"Thought you all might be interested in some news on the finding of silent film footage presumed lost.
Collecting The History Of Silent Film (mostly on Annette Kellerman)
And Preserving The Legacy Of Silent Film Actress Valkyrien"
The first time I saw CASABLANCA was at a revival theater when I was in college...and I didn't like it. In hindsight, I realize that the reason I didn't like it was because I was expecting an action movie, and this was a romantic drama. However, upon a 2nd viewing (on TV) it started to grow on me and every time I see it (20 times?) I see something new. The characters. The situations.
I must disagree with you about Bergman's performance. Why shouldn't it be on the cold side. This woman has been running from the Nazis. Her husband has been tortured by the Nazis. Yes, she has feelings for Rick, but she's torn. This is not a happy woman.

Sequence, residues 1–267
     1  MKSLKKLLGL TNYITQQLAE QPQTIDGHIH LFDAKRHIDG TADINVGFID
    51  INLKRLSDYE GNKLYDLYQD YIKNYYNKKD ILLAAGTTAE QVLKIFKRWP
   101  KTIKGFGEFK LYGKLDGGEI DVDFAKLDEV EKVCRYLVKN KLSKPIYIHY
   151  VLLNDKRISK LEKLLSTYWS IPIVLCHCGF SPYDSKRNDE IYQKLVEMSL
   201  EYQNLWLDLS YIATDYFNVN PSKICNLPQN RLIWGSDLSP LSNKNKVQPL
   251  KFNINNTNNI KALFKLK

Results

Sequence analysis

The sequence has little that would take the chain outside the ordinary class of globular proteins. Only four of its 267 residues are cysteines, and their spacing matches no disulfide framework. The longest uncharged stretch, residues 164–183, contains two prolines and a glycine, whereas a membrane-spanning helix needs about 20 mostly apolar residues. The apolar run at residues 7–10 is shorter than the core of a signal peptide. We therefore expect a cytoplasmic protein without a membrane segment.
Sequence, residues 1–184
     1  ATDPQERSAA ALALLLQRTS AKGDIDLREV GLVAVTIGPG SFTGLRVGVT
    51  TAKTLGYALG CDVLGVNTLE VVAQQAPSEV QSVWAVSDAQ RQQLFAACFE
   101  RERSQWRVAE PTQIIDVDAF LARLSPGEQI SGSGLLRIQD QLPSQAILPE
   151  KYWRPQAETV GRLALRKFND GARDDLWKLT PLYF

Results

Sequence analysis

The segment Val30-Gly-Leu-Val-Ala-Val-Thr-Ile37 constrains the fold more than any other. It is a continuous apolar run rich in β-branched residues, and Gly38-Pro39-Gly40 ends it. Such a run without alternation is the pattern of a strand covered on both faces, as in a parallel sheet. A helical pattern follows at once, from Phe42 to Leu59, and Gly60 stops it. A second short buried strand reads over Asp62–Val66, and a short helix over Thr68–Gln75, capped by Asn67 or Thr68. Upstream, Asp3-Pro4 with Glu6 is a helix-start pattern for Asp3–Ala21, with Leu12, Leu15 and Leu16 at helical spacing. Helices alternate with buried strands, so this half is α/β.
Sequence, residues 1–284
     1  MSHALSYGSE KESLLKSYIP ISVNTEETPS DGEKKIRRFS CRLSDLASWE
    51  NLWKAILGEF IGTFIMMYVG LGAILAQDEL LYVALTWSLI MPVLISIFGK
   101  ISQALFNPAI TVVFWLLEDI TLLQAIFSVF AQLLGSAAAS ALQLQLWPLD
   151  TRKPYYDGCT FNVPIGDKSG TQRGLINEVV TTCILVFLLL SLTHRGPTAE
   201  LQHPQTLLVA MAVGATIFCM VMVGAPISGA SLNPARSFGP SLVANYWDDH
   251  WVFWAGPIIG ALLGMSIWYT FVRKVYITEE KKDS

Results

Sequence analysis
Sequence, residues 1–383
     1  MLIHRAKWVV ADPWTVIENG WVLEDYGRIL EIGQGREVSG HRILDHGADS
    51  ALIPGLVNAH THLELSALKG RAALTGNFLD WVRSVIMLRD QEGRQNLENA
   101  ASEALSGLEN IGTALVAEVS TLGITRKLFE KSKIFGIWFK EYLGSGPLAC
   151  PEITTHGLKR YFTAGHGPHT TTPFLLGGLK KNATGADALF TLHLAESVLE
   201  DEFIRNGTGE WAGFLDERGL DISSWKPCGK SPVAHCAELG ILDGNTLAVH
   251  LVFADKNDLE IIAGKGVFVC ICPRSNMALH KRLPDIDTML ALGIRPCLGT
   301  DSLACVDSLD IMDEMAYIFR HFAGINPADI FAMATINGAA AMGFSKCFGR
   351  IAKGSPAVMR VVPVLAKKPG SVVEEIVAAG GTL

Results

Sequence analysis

Regarding TO HAVE AND HAVE NOT, this is generally considered to be one of Hemingway's weaker novels. In fact, I believe that director Howard Hawks bet Papa that he could make a movie out of the book when Hemingway bet he couldn't.
CASABLANCA is my all time favorite movie, but I've always considered TO HAVE AND HAVE NOT to be one of Bogart's lesser films. It's okay...but it's not in the same league as CASABLANCA, THE MALTESE FALCON, KEY LARGO, etc.
Although the scenes with Bacall certainly sizzle, they also slow down the forward movement of the story, which takes the title from Hemingway's book and little else. The remake with John Garfield (i.e. THE BREAKING POINT) was much closer to the book and, I think, a better movie.
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